“We need a national mask mandate to have any hope of slowing down the cases,” Miller tells me. “We have allowed the virus to seed in our communities and now the only way to get ourselves out of this dangerous situation is to take this kind of action while we wait for the vaccine. Engineering our way out of this with more ventilation is not enough. Another way would be a national lockdown as some countries are considering or have done, and many more people would be impacted by this approach.”
An economic imperative
Reigning in the pandemic, scientists are quick to say, is not just a public health imperative nor even just a moral issue. It’s an economic one. If people are sick and dying or dead, they can’t work, and the economy can’t recover.
There’s data to back this claim. An analysis by the Financial Times shows that countries with the worst outbreaks have suffered the greatest economic pain.
Researchers at the Brookings Institution, in an extensive analysis of the pandemic’s impact on the U.S. economy, conclude: “Given the cost to life and livelihood of a weak economy and labor market, policymakers must continue to use the fiscal, monetary, and public health tools at their disposal to end the COVID-19 pandemic and hasten a self-sustaining economic recovery.”
Instead, the White House has largely pinned its hopes on unproven cures and the potential for one or more vaccines, with the president claiming we’re turning the corner on the pandemic and resolution will come soon.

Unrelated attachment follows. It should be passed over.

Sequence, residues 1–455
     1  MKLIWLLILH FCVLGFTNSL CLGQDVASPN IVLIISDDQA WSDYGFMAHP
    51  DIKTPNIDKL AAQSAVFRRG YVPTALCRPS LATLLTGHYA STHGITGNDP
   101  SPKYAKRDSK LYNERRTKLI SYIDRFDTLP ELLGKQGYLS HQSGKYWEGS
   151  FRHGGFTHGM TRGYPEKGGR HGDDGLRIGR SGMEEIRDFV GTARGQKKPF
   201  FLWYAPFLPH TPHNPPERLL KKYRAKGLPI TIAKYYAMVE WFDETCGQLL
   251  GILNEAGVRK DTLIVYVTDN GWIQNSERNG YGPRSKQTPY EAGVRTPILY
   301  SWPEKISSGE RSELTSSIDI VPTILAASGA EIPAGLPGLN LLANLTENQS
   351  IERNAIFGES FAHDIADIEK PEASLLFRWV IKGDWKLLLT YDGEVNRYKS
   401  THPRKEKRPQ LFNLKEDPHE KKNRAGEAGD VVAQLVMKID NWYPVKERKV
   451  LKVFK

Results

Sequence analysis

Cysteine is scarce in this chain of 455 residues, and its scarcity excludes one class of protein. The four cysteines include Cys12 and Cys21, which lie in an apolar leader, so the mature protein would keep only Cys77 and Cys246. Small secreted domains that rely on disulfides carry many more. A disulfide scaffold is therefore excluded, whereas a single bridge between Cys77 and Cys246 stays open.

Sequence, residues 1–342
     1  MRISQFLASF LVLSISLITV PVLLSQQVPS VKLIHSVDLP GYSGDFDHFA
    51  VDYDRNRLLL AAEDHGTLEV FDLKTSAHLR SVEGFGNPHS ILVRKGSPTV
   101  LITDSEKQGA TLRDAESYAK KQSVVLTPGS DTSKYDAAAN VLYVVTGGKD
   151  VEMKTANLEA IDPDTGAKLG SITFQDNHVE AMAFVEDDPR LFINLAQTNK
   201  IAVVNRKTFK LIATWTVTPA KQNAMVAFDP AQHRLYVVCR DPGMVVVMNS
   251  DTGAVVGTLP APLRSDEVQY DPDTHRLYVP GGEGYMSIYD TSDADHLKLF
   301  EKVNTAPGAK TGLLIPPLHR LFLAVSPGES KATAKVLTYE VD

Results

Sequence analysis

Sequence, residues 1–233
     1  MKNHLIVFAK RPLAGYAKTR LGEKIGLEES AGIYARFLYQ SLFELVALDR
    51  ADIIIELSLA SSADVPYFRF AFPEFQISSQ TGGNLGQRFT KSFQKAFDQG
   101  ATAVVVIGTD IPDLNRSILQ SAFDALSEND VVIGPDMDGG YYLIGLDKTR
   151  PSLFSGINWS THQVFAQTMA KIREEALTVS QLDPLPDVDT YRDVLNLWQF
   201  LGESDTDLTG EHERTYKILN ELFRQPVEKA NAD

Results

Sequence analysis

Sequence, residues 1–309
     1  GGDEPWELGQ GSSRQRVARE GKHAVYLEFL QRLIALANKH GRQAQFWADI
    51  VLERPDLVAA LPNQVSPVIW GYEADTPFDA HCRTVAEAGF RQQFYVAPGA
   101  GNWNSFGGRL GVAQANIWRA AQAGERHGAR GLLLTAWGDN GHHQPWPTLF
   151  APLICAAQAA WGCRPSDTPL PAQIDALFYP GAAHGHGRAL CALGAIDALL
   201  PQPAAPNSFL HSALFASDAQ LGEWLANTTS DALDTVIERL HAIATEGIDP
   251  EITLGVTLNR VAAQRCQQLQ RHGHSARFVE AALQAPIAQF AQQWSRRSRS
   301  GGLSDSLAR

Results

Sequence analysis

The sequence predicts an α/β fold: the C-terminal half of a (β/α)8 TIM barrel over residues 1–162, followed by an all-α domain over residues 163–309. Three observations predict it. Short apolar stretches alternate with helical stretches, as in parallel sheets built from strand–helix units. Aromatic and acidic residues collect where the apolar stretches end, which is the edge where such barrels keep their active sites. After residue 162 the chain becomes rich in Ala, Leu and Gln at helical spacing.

Paralyzed by the promise of a vaccine
There won’t be widespread availability of vaccines until at least late spring, says Michael Mina, MD, an assistant professor of epidemiology at Harvard T.H. Chan School of Public Health. And then, there’s no guarantee how effective they will be, he says. Mina adds that pinning hopes on a vaccine has steered the federal response away from doing things that could have already stamped out the pandemic.
“The hope and the expectation for a vaccine has effectively paralyzed effective control of this virus,” Mina said to reporters on, yes, Friday, October 23.
That paralyzation began in the spring, when lockdowns were supposed to give the nation time to deal with the virus, to figure out prevention, to flatten the curve.
“We didn’t,” Mina says. “Now we’re going to have to live with the consequences of that, or some people won’t live, as a result.”
In addition to universal masking and social distancing that many epidemiologists have been pushing for since spring, Mina argues for federal support for the development and deployment of rapid Covid tests, which people could self-administer several times a week. That way far more people would learn that they have the disease, and learn sooner, and self-quarantining would leave the virus nowhere to go. He says the tests can be cheap — a few dollars each — and a $20 billion federal investment could make the effort a reality.
Instead, like many scientists, Mina’s frustration with federal inaction continues to grow, while the White House entertains the idea of “natural herd immunity,” which calls for letting the virus run its course — an idea that would cost anywhere from 500,000 to perhaps two million American lives, Mina and other scientists say.